After Beazley’s talk at PyCon "Understanding the Python GIL" I released I had never done any work that released the GIL, spawned threads, did some work, and then restored the GIL. So I wanted to see if I could so something like that with Boost::Python and Boost::Thread and the type of performance I’d get from it with an empty while loop as the baseline. So I hacked up some quick and dirty C++ code and quick bit of runable Python to test out the resulting module and away I went. Below are the code snippets, links to bitbucket, and the results of the Python runable.

#include <iostream>
#include <vector>
#include <boost/shared_ptr.hpp>
#include <boost/thread.hpp>
#include <boost/python.hpp>

class ScopedGILRelease {
public:
	inline ScopedGILRelease() { m_thread_state = PyEval_SaveThread(); }
	inline ~ScopedGILRelease() {
        PyEval_RestoreThread(m_thread_state);
        m_thread_state = NULL;
    }
private:
	PyThreadState* m_thread_state;
};

void loop(long count)
{
	while (count != 0) {
		count -= 1;
	}
	return;
}

void nogil(int threads, long count)
{
	if (threads <= 0 || count <= 0)
		return;
	
	ScopedGILRelease release_gil = ScopedGILRelease();
	long thread_count = (long)ceil(count / threads);
	
	std::vector<boost::shared_ptr<boost::thread> > v_threads;
	for (int i=0; i != threads; i++) {
		boost::shared_ptr<boost::thread>
		m_thread = boost::shared_ptr<boost::thread>(
		    new boost::thread(
		        boost::bind(loop,thread_count)
		    )
		);
		v_threads.push_back(m_thread);
	}
	
	for (int i=0; i != v_threads.size(); i++)
		v_threads[i]->join();
	
	return;
}

BOOST_PYTHON_MODULE(nogil)
{
	using namespace boost::python;
	def("nogil", nogil);
}

Then I used the following Python script to run some quick tests.

import time
import nogil

def timer(func):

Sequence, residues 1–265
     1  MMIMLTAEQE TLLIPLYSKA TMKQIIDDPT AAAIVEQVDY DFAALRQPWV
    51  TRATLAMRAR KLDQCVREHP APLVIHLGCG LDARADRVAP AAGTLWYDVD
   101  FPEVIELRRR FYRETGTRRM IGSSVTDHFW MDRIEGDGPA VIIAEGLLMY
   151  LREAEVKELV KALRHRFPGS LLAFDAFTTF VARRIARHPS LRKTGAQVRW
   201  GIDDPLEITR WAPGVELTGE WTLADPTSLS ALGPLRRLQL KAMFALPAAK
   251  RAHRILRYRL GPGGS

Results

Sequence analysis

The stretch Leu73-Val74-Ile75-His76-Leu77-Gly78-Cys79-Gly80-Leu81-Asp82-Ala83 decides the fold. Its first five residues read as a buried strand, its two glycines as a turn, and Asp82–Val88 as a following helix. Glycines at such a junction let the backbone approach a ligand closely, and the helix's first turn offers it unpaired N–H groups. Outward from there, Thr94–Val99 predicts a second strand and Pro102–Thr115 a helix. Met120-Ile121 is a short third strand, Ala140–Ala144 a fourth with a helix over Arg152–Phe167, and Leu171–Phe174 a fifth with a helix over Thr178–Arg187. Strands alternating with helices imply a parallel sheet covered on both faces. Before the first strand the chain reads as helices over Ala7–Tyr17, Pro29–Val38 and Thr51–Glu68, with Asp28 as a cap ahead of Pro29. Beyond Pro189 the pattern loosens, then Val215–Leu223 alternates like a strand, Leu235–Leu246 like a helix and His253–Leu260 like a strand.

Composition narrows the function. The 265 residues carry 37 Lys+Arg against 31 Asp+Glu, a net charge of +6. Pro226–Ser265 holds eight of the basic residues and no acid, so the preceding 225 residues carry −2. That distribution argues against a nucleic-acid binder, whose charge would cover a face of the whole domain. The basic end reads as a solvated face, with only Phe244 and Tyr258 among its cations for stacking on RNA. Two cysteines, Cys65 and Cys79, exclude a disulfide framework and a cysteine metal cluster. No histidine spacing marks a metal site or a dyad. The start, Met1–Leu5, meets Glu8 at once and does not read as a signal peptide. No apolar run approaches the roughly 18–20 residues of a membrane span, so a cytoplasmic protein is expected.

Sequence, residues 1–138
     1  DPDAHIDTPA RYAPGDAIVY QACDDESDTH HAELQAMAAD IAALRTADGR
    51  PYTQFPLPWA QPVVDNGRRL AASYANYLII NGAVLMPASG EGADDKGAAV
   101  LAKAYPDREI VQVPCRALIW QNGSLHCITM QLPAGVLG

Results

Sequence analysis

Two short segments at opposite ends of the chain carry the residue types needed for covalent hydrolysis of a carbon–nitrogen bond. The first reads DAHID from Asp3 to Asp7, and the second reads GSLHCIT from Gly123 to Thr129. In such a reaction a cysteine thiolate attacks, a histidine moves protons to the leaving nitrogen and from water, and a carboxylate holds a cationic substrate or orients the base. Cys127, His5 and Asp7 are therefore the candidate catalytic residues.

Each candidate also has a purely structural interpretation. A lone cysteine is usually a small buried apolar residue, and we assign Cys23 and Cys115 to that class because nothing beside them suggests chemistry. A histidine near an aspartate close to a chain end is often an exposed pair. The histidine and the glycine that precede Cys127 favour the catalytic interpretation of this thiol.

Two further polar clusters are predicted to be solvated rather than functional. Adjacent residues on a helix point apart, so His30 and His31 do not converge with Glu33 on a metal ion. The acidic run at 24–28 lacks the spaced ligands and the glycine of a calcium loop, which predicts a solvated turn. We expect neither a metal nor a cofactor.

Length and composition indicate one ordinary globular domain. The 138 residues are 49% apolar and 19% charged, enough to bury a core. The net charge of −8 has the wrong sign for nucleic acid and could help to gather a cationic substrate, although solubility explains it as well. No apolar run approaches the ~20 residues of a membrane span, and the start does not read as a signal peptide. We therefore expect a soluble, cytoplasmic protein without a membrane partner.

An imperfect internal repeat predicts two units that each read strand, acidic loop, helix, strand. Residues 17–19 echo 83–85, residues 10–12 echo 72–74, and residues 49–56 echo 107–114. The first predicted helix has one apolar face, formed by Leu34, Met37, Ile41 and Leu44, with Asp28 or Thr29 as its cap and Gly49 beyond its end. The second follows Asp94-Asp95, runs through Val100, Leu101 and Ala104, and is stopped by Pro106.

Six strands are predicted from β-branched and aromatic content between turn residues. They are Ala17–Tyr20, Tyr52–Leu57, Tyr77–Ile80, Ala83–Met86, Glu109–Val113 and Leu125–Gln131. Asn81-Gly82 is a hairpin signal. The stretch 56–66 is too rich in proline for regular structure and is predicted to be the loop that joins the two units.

def wrapper(*arg):
		t1 = time.time()
		func(*arg)
		t2 = time.time()
		print "%s took %0.3f ms" % (func.func_name, (t2-t1)*1000.0)
	return wrapper

@timer
def loopone():
	count = 5000000
	while count != 0:
		count -= 1

@timer
def looptwo():
	count = 5000000
	nogil.nogil(1,count)

@timer
def loopthree():
	count = 5000000
	nogil.nogil(2,count)

@timer
def loopfour():
	count = 5000000
	nogil.nogil(4,count)
	
@timer
def loopfive():
	count = 5000000
	nogil.nogil(6,count)
		
def main():
	loopone()
	looptwo()
	loopthree()
	loopfour()
	loopfive()
	
if __name__ == '__main__':
	main()

The results I got were quite interesting and very consistent on my MacBook Pro. I ran the script about 1,000 times and got roughly the same results every time.

loopone took 364.159 ms (pure python)
looptwo took 15.295 ms (c++, no GIL, single thread)
loopthree took 7.763 ms (c++, no GIL, two threads)
loopfour took 8.119 ms (c++, no GIL, four threads)
loopfive took 11.102 ms (c++, no GIL, six threads)

Anyway, that’s all really. Nothing profound here, no super insightful ending. Just hey look and stuff is faster and I might use this. All the code for this is available in my bitbucket repo. http://bitbucket.org/wwitzel3/code/src/tip/nogil/

You will require Boost Library including Boost Python and Boost Thread as well as Python libraries and includes to build this. For boost, bjam –with-python –with-thread variant=release toolset=gcc is all I did on my Mac. Then I added the resulting lib’s as Framework dependencies in Xcode along with the Python.framework.